We do hope that you liked the first part of this article, if you haven’t had the chance to read it – check it out right here! But let’s proceed…
Having support for our freelance work in our own home is critical for our success as freelance writers.
Since families can find many grounds for complaint regarding your work choices, disarming them is a daunting challenge.
We examined some strategies recently for garnering such backing.
We discussed the advisability of preparing a sound bite summary of our work, delineating our work time, space, and identity clearly, and documenting the benefits of that work.
Let’s consider some other possible routes to at least a grudging acceptance of our chosen career path.
We are not alone! However, if the people we live with oppose our efforts, we have little chance of making it in this new freelance economy. How can we get these dear ones ‘on board’?
Join a professional organization. This will give you an identity to refer to, access to a reality check from other workers in similar circumstances, and perhaps even some benefits such as networking, or education. The Freelancers Union is an online group with national presence and credibility. It also offers advertises health insurance for paying members.
There may also be a local professional group such as one that meets regularly in the Philadelphia area. If there is such an entity in your locale, by all means participate, as long as such participation does not outrage your family’s norms and land you in more hot water. Be forewarned that most professional organizations, unless they have a gender-specific charter and name, such as the American Association of University Women, are mixed.
Write a sample of the sort of thing that you usually submit, and use it to show to your family. Of course, you cannot show actual client documents, nor should you even allow that idea to be discussed. However, if you duplicate the tone and overall approach of one of your previously produced documents using made-up names and titles, they should be able to get the general idea.
For example, if you have written SEO copy about a firm that sells virtual office help, you could create your sample by substituting the name of another, entirely fictitious, service, such as computer security. This will reassure them that what you are working on is respectable, and does not consist of spinning dirty stories for bored and lonely businesspersons. (Of course, if that is, in fact, your line of work, the challenge you confront in establishing credibility with your nearest and dearest is a bit beyond the scope of this blog post.) Such a sample document can also be a convenient calling card in obtaining new clients and new gigs.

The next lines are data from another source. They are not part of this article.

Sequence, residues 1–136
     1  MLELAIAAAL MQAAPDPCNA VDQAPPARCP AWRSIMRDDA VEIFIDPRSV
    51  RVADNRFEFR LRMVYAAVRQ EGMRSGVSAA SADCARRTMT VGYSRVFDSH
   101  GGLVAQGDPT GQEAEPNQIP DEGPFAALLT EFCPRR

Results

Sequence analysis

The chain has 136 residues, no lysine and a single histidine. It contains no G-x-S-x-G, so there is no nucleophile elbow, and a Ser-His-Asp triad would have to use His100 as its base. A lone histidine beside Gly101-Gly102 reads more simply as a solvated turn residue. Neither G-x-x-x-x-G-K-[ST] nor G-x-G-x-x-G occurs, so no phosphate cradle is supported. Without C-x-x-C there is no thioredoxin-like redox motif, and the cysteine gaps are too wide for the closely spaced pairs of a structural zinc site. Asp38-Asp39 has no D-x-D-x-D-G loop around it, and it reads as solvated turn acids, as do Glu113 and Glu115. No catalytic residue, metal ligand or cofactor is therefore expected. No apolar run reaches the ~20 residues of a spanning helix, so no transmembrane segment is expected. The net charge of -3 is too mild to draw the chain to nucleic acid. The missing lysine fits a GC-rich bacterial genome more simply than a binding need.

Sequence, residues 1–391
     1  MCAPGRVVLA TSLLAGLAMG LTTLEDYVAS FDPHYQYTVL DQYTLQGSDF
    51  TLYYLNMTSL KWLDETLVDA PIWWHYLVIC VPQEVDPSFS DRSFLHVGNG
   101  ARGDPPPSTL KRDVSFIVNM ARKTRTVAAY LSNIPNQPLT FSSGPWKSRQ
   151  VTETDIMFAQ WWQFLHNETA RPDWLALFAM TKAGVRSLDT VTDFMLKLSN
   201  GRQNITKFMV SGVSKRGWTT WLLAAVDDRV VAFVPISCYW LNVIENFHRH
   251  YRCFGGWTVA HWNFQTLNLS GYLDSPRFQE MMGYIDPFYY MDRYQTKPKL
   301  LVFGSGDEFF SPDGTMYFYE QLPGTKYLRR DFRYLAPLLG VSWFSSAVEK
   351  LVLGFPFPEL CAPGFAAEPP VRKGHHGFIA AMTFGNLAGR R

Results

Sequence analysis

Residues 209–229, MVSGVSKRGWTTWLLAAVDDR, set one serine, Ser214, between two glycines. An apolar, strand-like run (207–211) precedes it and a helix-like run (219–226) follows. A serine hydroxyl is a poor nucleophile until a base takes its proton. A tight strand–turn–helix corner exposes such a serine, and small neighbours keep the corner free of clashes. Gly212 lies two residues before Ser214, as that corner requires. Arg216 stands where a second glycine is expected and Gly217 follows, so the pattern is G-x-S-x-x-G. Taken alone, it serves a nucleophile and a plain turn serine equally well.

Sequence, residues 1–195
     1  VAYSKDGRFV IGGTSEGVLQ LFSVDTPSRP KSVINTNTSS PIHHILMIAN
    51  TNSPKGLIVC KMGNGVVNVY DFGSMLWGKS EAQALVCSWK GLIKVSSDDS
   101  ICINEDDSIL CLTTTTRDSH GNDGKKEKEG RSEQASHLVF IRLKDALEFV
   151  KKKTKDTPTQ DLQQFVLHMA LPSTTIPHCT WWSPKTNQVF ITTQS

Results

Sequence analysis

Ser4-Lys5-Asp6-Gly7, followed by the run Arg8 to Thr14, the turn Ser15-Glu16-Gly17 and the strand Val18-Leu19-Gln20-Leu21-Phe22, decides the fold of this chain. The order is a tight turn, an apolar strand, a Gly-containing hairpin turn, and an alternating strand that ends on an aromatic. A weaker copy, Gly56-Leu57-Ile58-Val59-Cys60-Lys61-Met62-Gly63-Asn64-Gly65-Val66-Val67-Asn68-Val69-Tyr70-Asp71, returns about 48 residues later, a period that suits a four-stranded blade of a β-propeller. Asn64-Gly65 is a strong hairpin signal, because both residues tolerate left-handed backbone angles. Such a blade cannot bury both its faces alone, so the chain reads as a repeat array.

If the objection of your loved ones to your working as a freelance writer has to do with your being visible to the world in a role that is not acceptable to your family, point out that your name is kept confidential. If you have a Facebook or other social media identity, make sure that it is gender neutral, and obfuscates and obscures your family, national and religious identity. Make sure that your family knows that your ‘public’ face cannot reflect on them negatively in any way.
Try to avoid impinging on obvious trigger points in the family schedule. While it appears shortsighted for a family member to object to work that coincides with dinnertime, the reaction is somewhat understandable. The choice between missing a deadline, on the one hand, and coming late to the dinner table, on the other, may seem obvious to a freelance writer, but the person who cooked the dinner, or the kids seated around the table, may have a very different view.
Of course, it is virtually impossible completely to prevent such occurrences. However, if you can honestly assert that you have foregone jobs with a deadline approaching your time of religious obligations, or over a family holiday weekend, you will gain points with the family.
In addition, inform your household when a deadline looms. This way, your disappearance into a writing trance does not come as a shock. Such sharing of information is courteous and considerate.
Additionally, you may not have considered how noisy a computer can be. Avoid criticism by never leaving your computer microphone turned up. Mute everything, and sign out of any program that dings when an update is available or alerts you in a loud mechanical voice that ‘you have mail’. Especially for the non-techies in the family, these disruptions can be hellish, particularly in the middle of the night. If this sounds like personal experience showing, draw your own conclusions!
Our family should be our support network, and our strength – use all your freelancer’s verbal skills and insight to make sure you secure this support.